The Rumor about Thomas Jefferson’s WoodI was told by a fellow Marie Antoinette fanatic that the queen’s beech tree had been a gift from Thomas Jefferson. Phone calls and emails to the palace gardener and curator have gone unanswered, so I can’t confirm the veracity of the statement.

Although I have no proof that Thomas Jefferson gave Marie Antoinette the beech tree, I do know that he was generous in spreading his seeds around (I am talking plant seeds here, people, honestly). Jefferson gave Marie Antoinette two tulip trees, which were planted on the grounds le hameau. Unfortunately, these tall, beautiful, broad-leafed trees were destroyed during a vicious winter storm in 1999. For those who find such minutia interesting: the wood from the tulip trees was sold to Laguiole, who used it to make handles for expensive, collectible knives. For a mere 732 Euros, you can wrap your hands around Jefferson’s wood.

Thomas Jefferson was not the only forefather to spread his botanical seed. During a delightful stay at Chateau Bouceel in Normandy, I learned that George Washington gave four trees to the Marquise Rocquefeuil as thanks for his service during the American Revolution. The marquise planted the trees in his gardens at Chateau Bouceel. George Washington’s transplanted trees provided shade and beauty for two hundred and seventeen years until the aforementioned winter storm toppled them. Today, guests of Chateau Bouceel can still see a cross-section of the trunk of one of the trees, which is kept on display in the front salon.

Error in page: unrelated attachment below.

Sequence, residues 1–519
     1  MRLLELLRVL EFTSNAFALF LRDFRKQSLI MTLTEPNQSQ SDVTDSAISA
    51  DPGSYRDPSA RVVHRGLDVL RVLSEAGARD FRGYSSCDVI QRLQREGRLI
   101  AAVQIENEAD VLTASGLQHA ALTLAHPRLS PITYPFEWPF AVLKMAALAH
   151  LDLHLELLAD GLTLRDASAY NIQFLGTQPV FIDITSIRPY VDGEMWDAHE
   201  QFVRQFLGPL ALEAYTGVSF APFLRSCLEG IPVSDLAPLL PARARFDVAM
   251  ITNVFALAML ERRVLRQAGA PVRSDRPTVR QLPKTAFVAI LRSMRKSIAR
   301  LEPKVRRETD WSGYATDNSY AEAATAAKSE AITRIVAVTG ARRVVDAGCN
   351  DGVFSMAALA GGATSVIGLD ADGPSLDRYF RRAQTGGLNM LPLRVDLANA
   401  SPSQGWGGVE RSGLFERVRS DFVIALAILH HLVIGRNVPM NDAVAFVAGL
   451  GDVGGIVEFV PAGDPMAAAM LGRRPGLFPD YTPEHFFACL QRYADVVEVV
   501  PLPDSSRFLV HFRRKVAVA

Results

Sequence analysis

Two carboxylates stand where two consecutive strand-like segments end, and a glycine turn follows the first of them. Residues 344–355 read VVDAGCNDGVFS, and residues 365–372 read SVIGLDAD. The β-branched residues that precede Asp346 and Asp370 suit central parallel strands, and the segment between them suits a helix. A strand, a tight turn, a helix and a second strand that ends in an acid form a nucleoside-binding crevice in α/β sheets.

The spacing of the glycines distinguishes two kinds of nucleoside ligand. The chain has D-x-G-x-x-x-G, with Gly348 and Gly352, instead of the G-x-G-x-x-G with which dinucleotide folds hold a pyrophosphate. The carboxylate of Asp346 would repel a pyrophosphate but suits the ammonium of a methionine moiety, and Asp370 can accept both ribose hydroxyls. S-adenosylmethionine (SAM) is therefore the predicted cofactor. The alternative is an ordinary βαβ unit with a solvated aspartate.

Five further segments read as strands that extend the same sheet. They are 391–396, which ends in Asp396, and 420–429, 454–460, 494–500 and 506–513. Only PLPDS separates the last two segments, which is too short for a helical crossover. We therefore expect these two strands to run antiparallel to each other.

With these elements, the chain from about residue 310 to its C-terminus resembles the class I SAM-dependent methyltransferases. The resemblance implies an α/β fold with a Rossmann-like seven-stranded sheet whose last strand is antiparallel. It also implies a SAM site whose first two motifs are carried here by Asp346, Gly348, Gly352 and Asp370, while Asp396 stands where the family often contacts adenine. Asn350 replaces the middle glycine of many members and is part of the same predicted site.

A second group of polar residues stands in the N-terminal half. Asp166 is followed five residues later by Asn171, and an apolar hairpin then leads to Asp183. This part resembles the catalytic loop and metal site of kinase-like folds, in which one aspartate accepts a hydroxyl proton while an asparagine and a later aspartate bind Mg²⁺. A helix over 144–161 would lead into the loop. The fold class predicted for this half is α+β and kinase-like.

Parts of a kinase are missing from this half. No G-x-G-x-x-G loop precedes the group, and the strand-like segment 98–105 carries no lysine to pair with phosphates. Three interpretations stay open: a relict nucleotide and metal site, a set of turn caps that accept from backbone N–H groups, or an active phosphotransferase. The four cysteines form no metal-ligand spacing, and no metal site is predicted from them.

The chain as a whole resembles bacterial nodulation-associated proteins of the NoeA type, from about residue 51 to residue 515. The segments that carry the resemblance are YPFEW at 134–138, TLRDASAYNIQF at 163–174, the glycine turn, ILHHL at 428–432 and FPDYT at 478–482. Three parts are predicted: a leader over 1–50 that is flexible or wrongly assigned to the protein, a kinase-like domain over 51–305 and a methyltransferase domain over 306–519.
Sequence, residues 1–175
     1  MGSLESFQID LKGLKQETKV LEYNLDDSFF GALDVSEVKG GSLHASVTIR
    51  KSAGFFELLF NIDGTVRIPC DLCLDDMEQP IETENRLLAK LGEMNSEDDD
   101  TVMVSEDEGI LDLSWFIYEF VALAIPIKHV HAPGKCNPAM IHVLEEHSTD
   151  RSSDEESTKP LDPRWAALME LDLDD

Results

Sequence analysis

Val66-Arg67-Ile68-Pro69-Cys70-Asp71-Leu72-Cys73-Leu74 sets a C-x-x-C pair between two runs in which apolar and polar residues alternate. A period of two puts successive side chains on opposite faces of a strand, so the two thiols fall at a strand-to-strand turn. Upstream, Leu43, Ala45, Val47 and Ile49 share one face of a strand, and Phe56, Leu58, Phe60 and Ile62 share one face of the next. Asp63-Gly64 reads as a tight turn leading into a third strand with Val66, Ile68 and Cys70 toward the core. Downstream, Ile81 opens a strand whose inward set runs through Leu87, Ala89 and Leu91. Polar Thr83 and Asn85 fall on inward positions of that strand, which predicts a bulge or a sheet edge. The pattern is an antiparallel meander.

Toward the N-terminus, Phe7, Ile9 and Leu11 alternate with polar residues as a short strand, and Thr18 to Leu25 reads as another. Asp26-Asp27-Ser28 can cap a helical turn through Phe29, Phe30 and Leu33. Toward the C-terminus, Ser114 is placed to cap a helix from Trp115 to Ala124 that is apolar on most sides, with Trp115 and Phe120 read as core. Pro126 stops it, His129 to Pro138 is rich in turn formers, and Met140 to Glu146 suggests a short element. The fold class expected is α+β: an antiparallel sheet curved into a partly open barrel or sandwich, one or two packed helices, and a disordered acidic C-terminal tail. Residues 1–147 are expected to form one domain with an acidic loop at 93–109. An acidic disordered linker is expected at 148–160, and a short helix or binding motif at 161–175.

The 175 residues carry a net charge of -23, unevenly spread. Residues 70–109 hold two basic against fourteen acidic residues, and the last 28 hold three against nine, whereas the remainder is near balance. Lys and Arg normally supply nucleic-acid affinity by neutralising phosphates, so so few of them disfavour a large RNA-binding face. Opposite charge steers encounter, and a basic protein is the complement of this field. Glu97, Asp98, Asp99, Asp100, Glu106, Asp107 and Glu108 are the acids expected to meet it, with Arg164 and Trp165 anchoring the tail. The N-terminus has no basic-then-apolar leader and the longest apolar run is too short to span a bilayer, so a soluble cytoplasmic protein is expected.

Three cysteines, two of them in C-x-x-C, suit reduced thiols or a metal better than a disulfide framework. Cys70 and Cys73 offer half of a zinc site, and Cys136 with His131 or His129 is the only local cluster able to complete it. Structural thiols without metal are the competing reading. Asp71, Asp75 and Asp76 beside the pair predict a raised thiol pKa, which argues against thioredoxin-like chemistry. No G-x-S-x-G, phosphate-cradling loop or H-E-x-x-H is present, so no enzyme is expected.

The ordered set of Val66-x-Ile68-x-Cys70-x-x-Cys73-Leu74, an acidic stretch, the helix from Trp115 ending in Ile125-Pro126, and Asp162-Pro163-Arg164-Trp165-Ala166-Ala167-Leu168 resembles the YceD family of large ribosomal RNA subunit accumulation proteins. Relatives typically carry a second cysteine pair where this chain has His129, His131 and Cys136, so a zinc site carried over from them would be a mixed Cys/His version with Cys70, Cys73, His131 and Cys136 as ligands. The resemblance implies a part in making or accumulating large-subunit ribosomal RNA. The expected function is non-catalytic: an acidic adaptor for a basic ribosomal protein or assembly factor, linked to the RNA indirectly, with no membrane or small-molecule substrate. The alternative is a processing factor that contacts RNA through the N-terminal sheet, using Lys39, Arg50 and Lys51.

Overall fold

The Tempest
On Friday, January 23, 2009, hurricane-force winds tore through Europe, killing thirteen people, destroying homes, and uprooting millions of trees. Sadly, Marie Antoinette’s towering Boob Tree, the one that had survived the Revolution and 223 years of storms, was one of the uprooted trees.

Off With Her…Branches
Ironically, Marie Antoinette’s grand beech tree will suffer the same fate as its lovely owner. It is going to be chopped up. Though Marie Antoinette’s body was carted to a common cemetery and thrown into an unmarked grave, her tree will be sent to a mill where it will probably be turned into copy paper, wrapping paper, or toilet paper (perish the thought).

I would have hoped that the wood from such a noble tree could have been put to a more dignified or clever use. Surely the palace carpenter could have constructed a garden bench that would have then been placed on the very spot the tree had once stood. Instead, the tree will be pureed into paper.

It does thrill me a bit to think that the next ream of copy paper I purchase could be made from the branches of the queen’s beech. How serendipitous would that be?

Could Leah Marie Brown be related to Marie Antoinette?  Click here if you would like to find out.

Do you know which patisserie supplied Marie Antoinette with delicious treats?  I do!  Click here if you would like to find out.

Click here to take a look at the 10 Most Magnificent Trees in the World.

1 comment:

Fanny said...

"you can wrap your hands around Jefferson’s wood": you clever, mischievous you :-)